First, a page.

She tried not to look too relieved. Normally she would have been eager to tag along for the detective stuff, but keeping her distance from Morrison came first.
She reported in to Dispatch and got on the road.
• • •
Burglary in progress, in the same subdivision near Pahoa that had become Jenny’s second home lately.
It meant responding without lights or siren. Every cop in the immediate vicinity would be running dark and feeling the same adrenaline rush. Burglars were usually local young men hustling pakalolo money. They seldom turned violent, but the difference between seldom and never could get somebody killed.
Jenny arrived ahead of anyone else. Coutinho had commented on her knack for being in the right place at the right time. She called it keeping her eyes and ears open.
It was only seven o’clock, but these semi-tropical islands made short work of twilight. One pass through the neighborhood reminded her of the layout, which told her what this call was about.
She parked several doors down from the address and got out. She had turned her Camry’s courtesy off her first day on the job, and she wasn’t sure it worked anymore.
Sammy appeared at her elbow. It always impressed her how quietly his three hundred pounds could move. More than one bad guy had mentioned it.
“Neighbor reported a moke or two sneaking around behind this house,” he said in a voice that carried only as far as her ear.
“Which backs onto the Otsaka place,” she said.
“Funny about that.”
Kenny Lujan came up on the other side of Jenny.
“Dispatch says we’re it,” he said.
Four hundred Hawaii County officers on an island the size of Connecticut had to make do.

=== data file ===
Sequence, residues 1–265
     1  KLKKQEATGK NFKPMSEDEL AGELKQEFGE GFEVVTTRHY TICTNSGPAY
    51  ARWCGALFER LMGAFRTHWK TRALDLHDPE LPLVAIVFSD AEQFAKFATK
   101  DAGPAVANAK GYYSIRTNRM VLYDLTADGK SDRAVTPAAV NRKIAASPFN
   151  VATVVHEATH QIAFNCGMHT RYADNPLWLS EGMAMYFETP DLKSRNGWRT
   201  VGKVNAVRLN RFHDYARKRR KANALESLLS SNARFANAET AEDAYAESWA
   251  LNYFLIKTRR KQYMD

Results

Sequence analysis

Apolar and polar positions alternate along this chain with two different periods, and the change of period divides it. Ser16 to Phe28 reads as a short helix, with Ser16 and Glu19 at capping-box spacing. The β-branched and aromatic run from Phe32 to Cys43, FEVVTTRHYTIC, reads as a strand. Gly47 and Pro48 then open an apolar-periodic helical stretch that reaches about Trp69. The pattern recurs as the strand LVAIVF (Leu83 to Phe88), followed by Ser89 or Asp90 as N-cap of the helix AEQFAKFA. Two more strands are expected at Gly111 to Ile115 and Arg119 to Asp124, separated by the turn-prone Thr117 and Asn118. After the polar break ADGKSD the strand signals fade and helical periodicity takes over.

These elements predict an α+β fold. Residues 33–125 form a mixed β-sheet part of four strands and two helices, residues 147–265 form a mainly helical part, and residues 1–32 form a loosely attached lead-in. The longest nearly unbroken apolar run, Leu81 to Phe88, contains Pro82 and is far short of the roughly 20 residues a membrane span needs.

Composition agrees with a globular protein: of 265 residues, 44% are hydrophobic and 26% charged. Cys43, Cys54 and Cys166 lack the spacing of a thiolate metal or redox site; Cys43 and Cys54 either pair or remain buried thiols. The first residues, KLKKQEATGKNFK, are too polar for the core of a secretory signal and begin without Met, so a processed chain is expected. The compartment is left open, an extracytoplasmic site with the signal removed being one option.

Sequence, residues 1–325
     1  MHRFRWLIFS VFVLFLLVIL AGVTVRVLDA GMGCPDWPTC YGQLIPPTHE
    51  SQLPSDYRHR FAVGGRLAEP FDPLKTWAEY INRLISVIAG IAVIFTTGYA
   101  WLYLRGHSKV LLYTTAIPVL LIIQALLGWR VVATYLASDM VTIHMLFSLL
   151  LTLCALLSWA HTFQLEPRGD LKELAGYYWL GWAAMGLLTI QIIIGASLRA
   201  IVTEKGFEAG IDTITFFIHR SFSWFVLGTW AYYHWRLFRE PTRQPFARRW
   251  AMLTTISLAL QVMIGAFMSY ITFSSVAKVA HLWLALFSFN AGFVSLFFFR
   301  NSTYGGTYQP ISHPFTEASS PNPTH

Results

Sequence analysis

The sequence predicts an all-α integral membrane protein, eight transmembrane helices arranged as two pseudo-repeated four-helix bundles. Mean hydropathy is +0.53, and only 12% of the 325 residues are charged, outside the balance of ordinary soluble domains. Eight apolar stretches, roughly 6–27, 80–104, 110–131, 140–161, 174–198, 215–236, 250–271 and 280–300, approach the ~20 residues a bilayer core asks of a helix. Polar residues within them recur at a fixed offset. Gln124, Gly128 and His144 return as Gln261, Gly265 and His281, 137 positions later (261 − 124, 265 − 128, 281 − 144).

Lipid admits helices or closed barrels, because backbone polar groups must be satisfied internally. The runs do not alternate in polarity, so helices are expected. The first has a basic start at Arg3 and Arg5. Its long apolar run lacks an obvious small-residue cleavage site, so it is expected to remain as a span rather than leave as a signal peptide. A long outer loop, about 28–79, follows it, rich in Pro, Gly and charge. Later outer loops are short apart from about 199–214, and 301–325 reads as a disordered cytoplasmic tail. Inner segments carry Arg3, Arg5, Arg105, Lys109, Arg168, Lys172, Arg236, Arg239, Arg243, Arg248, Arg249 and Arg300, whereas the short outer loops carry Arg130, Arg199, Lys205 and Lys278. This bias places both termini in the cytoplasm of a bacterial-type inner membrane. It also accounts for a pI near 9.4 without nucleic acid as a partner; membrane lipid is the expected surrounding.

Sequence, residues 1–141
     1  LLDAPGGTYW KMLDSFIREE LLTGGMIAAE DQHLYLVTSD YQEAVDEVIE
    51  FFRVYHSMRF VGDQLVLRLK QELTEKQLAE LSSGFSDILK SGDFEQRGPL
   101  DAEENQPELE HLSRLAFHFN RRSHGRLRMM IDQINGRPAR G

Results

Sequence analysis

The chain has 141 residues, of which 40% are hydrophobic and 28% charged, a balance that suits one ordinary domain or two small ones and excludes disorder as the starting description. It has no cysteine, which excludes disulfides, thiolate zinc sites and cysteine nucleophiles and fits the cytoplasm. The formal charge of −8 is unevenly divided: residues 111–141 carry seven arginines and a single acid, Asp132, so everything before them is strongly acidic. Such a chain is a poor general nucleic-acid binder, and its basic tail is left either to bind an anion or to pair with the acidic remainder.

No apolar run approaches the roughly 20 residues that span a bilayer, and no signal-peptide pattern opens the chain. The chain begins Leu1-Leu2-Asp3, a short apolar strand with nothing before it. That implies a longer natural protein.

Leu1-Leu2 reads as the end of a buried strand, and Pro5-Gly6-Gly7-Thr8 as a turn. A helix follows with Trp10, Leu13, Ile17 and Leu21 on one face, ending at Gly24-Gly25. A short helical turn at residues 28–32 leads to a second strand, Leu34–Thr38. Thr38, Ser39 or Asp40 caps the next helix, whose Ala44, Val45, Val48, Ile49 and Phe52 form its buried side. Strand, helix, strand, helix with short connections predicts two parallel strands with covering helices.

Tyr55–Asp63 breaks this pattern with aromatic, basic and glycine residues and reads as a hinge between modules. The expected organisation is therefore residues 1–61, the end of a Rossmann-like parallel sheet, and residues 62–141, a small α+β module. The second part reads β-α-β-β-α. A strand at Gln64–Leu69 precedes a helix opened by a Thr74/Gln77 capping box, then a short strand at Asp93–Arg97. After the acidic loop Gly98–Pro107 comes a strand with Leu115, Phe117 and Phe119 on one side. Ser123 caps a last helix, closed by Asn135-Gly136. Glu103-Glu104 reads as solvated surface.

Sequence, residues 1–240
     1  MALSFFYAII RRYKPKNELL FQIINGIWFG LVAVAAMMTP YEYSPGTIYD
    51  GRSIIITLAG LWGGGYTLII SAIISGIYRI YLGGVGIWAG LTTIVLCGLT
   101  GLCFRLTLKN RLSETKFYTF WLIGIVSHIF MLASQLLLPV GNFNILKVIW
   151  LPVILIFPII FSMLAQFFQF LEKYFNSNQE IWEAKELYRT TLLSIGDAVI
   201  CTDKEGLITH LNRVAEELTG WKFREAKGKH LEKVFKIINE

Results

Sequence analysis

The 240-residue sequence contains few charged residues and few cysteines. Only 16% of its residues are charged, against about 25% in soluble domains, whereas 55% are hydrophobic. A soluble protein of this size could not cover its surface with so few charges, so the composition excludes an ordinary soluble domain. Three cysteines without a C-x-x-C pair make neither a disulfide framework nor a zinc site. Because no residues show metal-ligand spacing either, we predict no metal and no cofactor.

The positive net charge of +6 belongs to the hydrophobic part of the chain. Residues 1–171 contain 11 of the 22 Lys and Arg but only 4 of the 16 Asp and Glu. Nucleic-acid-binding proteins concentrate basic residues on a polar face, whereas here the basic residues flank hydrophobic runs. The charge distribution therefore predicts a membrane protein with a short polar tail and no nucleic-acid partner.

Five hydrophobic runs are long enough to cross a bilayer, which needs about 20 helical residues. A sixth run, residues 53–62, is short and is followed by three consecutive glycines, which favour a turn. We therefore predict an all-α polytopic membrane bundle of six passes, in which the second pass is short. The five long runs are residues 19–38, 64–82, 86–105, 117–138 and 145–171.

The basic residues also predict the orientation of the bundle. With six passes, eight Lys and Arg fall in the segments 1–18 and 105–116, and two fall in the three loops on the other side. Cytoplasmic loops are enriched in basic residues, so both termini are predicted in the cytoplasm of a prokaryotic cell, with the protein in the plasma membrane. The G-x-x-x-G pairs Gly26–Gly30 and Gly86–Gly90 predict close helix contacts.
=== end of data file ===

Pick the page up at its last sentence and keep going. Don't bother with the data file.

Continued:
“Gotta make sure it isn’t this house we want,” said Sammy.
Jenny went up to the front door and looked it over, but the ambient light didn’t do the job She covered most of the lens of her Maglight with her hand and played the reduced beam around the door. Nothing looked broken or disturbed.
She rejoined Kenny. After a few moments Sammy came around from the back.
“Looks okay. Let’s do it.”
They returned to their vehicles and drove around to the next street. They inspected the front door of Otsaka’s house, which appeared intact. The crime scene tape was unbroken.
They walked around the house to the back yard. Right away Jenny saw a film of light fanning out on the fence that had saved her life. For a moment the illumination gave her a supernatural shiver. Light wasn’t supposed to issue from the earth.
“Cover me,” she told Sammy and Kenny.
It was kind of cool to get to say that, but she could have lived without the next part. She approached the man-eating hole and then got down to crawl.
The top of a ladder protruded about a foot from the ground. She could have used the help her first time here. Jenny braced her left hand on the ladder and played her flashlight downward with her right. A young man looked up at her from the bottom of the tube.
“Nate, what are you doing down there?”
She should have identified herself as a police officer, but the sight of her younger brother’s childhood friend brought a less official response.
He froze for a moment and then looked around for inspiration. Nothing came.
“No time for talk story, Nate.”
“Lookin’ fo’ get paid.”
“Come on up out of there.”
Nate climbed the ladder and planted his feet on the ground, which of course remained solid. Apparently the goddess Pele only wanted Jenny. The choice was Pele’s prerogative, since she owned the islands.
Now three men looked at Jenny and waited for her next move.
“Okay, Nate, how are you gonna paid in a lava tube?”
“Everybody says the old man had lossa cash around. Wasn’t in the house, or the cops woulda found it. Maybe it’s down there.”
“You didn’t think we would look there too?”
“Well, if he hid it real good …”
This urban legend was mutating at top speed. Maybe the cops should call the Sociology Department of the university for a way to squelch it.
“You see anyplace to hide money?”